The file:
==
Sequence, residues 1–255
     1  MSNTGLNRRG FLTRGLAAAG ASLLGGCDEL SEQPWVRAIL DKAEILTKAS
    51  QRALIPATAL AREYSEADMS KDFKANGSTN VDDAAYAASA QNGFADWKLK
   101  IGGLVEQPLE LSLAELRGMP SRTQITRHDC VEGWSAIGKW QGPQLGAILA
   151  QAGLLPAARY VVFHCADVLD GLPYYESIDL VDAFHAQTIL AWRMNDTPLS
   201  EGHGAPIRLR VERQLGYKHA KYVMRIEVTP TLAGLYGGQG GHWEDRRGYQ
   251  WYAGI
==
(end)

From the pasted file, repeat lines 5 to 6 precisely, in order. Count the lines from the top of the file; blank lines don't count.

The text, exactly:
   151  QAGLLPAARY VVFHCADVLD GLPYYESIDL VDAFHAQTIL AWRMNDTPLS
   201  EGHGAPIRLR VERQLGYKHA KYVMRIEVTP TLAGLYGGQG GHWEDRRGYQ